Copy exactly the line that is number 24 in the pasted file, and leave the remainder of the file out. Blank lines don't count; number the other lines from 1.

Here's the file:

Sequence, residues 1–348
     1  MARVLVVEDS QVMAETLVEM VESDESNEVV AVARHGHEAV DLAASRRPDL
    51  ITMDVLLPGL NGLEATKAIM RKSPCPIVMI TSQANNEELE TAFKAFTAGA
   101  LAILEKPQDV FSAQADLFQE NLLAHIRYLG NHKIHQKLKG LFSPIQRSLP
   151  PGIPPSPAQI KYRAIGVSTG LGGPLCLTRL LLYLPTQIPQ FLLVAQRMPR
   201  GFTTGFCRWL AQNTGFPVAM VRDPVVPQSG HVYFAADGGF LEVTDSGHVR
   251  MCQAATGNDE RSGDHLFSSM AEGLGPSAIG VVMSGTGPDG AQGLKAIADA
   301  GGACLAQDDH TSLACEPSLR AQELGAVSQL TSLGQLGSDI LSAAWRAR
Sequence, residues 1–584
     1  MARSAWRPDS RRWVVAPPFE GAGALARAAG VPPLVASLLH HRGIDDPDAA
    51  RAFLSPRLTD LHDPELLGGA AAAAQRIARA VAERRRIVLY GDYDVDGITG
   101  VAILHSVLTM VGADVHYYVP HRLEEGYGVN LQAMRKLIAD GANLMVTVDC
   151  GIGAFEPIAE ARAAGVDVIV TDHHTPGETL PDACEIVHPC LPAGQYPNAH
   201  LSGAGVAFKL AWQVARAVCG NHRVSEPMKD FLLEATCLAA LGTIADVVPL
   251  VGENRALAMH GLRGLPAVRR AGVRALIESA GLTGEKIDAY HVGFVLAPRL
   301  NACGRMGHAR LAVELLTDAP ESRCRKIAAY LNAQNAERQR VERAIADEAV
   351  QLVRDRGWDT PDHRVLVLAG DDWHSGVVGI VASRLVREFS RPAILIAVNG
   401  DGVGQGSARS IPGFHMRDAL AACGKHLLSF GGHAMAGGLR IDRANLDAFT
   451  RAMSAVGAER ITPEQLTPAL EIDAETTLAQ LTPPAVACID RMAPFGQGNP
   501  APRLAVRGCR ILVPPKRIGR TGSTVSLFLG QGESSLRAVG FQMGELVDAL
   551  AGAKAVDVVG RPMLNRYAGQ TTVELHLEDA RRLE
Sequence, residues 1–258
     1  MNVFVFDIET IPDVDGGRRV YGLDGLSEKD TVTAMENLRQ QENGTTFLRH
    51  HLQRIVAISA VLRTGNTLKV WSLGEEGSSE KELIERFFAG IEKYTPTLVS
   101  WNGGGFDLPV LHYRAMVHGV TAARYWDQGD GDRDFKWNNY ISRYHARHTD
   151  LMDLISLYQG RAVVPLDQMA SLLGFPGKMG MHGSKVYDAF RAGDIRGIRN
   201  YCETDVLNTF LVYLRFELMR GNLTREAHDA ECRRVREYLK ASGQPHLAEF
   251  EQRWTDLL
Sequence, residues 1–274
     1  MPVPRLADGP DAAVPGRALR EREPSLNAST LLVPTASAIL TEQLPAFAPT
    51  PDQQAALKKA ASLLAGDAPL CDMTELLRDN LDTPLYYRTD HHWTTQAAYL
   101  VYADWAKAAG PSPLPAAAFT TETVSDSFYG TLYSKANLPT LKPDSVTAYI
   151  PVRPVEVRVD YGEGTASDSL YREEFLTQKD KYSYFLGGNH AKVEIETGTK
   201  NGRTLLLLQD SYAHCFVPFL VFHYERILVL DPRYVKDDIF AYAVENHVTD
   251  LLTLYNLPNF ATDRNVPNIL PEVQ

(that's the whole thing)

    51  HLQRIVAISA VLRTGNTLKV WSLGEEGSSE KELIERFFAG IEKYTPTLVS